The Koan of Breathing

Breathing with your whole body is a lesson in letting go

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Breathing through the whole body hints at a condition in which body, breath, and mind--ordinarily so disconnected from one another--can be felt to come together into a single, coterminous phenomenon. While you have to discover for yourself how the integration of these three aspects of experience might occur, the following principles, and the exercises that follow, can help guide you in your efforts.

For starters, the practice is not about making any efforts, but about letting go. You can’t artificially manufacture a breath that breathes through the whole body; nor would you want to. You can only surrender to the impulse to breathe and keep letting go, as best you can, of whatever tension and stillness you encounter in your body as you do. Letting go of whatever binds your body and contracts your mind is meditation’s constant opportunity (as well as its challenge). Exploring the possibility of breathing through your whole body, you have no choice but to keep letting go.

The Buddha tells us that, before we begin focusing on the activity of the breath, we want to make sure that the spine is erect and upright. Don’t, however, do yourself the disservice of believing there’s a goal of some kind of perfected condition of balance and upright alignment that you need to attain and then maintain. Your goal isn’t to mold your body into some idealized shape like pressing dough into a cookie cutter; your goal is simply to play with balance in the body you bring to the cushion, to feel how the sensations and energies in the body keep lightening up as the segments of the body keep lining up, one above the other. Playing with balance in meditation is always about remembering to let go into the next least effortful place.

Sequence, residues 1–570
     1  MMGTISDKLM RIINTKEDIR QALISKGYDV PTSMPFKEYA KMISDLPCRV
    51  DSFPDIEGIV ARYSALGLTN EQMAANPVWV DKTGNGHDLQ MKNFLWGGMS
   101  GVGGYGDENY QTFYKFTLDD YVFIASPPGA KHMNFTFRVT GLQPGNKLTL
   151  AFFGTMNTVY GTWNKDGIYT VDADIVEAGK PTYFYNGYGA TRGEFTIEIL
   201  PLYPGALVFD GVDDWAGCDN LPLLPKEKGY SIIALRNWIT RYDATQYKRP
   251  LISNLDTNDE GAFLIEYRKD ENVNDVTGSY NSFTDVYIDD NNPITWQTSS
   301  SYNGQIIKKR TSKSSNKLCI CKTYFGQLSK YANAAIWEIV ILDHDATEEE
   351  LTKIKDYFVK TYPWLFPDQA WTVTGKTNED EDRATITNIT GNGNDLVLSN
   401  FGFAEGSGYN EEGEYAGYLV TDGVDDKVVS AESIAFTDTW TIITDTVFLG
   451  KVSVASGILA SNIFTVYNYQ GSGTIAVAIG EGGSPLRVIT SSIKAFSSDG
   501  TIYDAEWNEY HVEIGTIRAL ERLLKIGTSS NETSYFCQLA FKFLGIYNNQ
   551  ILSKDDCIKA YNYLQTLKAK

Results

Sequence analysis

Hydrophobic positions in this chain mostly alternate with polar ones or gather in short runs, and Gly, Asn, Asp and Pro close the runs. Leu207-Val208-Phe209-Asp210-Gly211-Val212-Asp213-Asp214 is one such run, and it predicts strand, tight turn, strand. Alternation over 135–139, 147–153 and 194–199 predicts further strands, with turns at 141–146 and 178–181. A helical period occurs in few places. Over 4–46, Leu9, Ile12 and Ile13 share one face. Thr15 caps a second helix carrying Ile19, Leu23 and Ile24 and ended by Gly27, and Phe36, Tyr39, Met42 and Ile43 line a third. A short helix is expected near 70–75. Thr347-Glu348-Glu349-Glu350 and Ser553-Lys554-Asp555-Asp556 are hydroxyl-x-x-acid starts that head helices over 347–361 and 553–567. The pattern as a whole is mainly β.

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Tensions in the body always function as a concealing blanket that covers over the felt life of the body’s sensations, so as you begin to relax and let go, dropping the weight of the body through the upright spine, the feeling presence of the body emerges more and more. The more of your body you feel, the more opportunities you have to let go through the breath. Breath can only breathe through a body in touch with itself.

Just as sensation is everywhere, so is movement everywhere. Motions of breath and presence of body are inextricably linked. You can’t have one without the other. A breath that breathes through the whole body will be a breath of constant, tidal motion.

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Related Topics: Breath, Breathe, Breathing, Zen, Buddhism

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